No one is gathering round to “tell sad stories of the death of kings” in Yale Rep’s production of “Richard II.” There’s precious little mourning of the fall of England’s manchild monarch, played by Jeffrey Carlson with a defiant and flamboyant theatricality. It’s a strong and distancing take on the role, only softened by the increasingly lyrical language Shakespeare gives to the ruler as his kingdom slips away. But Carlson and helmer Evan Yionoulis keep the vainglorious royal unyielding to the end — and as brazenly eccentric as his bad haircut.
It’s a given that the now-grown boy-king, who has always believed he had an oh-so-divine right to rule, does not switch mindsets easily. But an unvaried character robs the royal of a degree of introspective understanding, even as his poetry grows increasingly rich. It also takes the heart, if not the humanity, out of an otherwise lackluster production that too often substitutes dullness for decorum.
After impressive turns on Broadway in Edward Albee’s “The Goat” and “Taboo,” Carlson has embraced the Bard, taking on Hamlet and Prince Hal at regionals and in England. The Juilliard-trained actor certainly understands the language and speaks it convincingly (not always the case elsewhere in this cast). And if Richard has anything in his favor it’s an intelligent understanding and love of language, one that deepens even as his political ineptitude brings his downfall.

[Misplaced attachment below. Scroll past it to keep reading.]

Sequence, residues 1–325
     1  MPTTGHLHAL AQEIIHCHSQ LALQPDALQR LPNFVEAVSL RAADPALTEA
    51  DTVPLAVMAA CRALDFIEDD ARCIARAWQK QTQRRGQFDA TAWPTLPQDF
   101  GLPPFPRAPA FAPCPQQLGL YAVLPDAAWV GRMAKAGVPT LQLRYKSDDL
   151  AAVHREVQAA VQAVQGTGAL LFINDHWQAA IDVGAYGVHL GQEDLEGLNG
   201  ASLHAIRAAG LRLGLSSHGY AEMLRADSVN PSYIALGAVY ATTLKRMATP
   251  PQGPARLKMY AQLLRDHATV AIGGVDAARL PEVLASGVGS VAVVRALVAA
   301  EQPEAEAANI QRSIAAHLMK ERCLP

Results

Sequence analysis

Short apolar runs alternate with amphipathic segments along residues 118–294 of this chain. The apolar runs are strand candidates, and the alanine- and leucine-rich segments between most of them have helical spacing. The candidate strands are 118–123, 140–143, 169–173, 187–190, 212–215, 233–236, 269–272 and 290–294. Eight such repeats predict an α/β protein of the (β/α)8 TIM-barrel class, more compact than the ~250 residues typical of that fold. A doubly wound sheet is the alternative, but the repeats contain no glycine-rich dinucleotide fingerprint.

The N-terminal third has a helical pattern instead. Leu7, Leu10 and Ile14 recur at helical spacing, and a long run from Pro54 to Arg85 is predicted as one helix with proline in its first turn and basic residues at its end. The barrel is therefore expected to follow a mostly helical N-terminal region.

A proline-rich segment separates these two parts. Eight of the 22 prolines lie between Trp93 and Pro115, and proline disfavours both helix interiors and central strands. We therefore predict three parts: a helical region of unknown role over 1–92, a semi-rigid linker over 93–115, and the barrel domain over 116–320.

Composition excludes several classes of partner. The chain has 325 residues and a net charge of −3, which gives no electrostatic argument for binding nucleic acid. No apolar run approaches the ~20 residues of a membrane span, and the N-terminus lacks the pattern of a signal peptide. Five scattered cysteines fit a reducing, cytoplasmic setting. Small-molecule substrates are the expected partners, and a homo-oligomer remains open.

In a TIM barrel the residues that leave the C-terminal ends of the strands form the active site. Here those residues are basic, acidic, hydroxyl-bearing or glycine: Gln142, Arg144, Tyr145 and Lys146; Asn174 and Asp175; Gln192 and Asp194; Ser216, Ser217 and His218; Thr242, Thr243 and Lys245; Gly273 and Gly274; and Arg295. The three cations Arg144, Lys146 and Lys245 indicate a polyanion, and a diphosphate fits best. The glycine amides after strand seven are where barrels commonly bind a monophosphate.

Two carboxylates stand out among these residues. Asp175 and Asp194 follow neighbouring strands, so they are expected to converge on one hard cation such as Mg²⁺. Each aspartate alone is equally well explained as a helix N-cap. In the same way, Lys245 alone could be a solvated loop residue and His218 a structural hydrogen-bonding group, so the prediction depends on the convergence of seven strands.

But this grand interpretation of the capricious king, surrounded by sycophants and enamored with his own blessed right, is difficult to sustain and can be insufferable, especially when he’s luxuriating in his own self-pity. What makes matters worse is when it’s the sole excitement on stage.
There are some efficient perfs along the long way. Billy Eugene Jones does well as the lyrically challenged Bolingbroke, but the shifts in his character from wronged lord to calculating usurper are not dramatically defined. Alvin Epstein invests a seasoned stature as John of Gaunt (and brings a human touch of grounded reality as the Gardener). Caroline Stefanie Clay brings a mother’s mighty force to the role of Duchess of York. And Allen E. Read is a standout as the impassioned loyalist to the king, the Duke of Aumerle.
Designer Brenda Davis gives an otherwise rudimentary setting a ceremonial and historic touch by having entombed monarchs surrounding the playing spaces, high up to the rafters of this converted church-to-theater. Melissa E. Tim’s brocaded costumes, too, offer the right lushness for for this narcissistic king.
But the production never comes together into a confident whole and is rarely infused with imagination — other than the daring, unrepentant presentation of a foolish, unfit king who finds refuge but not wisdom in his words.